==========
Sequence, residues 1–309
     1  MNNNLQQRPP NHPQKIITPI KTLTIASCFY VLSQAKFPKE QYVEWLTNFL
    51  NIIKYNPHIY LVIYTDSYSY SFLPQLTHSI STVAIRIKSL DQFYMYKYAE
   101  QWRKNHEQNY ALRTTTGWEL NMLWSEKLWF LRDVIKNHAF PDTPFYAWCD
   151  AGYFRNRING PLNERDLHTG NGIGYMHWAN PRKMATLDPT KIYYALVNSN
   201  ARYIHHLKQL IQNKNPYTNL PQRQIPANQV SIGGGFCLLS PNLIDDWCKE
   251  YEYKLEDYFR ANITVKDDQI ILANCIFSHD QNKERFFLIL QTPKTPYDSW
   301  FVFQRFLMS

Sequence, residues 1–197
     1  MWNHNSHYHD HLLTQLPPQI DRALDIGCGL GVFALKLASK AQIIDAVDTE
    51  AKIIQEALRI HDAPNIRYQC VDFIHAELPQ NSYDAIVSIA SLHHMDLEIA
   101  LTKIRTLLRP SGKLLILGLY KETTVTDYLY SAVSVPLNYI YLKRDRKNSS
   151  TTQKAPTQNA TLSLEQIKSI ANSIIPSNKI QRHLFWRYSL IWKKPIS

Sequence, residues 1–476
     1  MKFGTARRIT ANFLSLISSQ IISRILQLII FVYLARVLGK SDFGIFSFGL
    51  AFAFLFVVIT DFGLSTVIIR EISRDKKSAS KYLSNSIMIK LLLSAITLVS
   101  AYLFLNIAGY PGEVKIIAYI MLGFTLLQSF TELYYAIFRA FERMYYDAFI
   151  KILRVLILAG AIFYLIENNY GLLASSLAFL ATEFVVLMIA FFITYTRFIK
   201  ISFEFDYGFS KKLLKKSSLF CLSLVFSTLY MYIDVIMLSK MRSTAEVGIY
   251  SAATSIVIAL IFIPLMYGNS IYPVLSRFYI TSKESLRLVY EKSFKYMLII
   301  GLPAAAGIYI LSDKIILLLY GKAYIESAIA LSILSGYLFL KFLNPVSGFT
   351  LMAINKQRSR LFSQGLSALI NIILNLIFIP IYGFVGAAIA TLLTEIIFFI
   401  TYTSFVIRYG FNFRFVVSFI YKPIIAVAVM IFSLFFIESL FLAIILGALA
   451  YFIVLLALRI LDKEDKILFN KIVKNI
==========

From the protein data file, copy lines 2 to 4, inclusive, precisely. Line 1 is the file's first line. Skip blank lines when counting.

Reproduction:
     1  MNNNLQQRPP NHPQKIITPI KTLTIASCFY VLSQAKFPKE QYVEWLTNFL
    51  NIIKYNPHIY LVIYTDSYSY SFLPQLTHSI STVAIRIKSL DQFYMYKYAE
   101  QWRKNHEQNY ALRTTTGWEL NMLWSEKLWF LRDVIKNHAF PDTPFYAWCD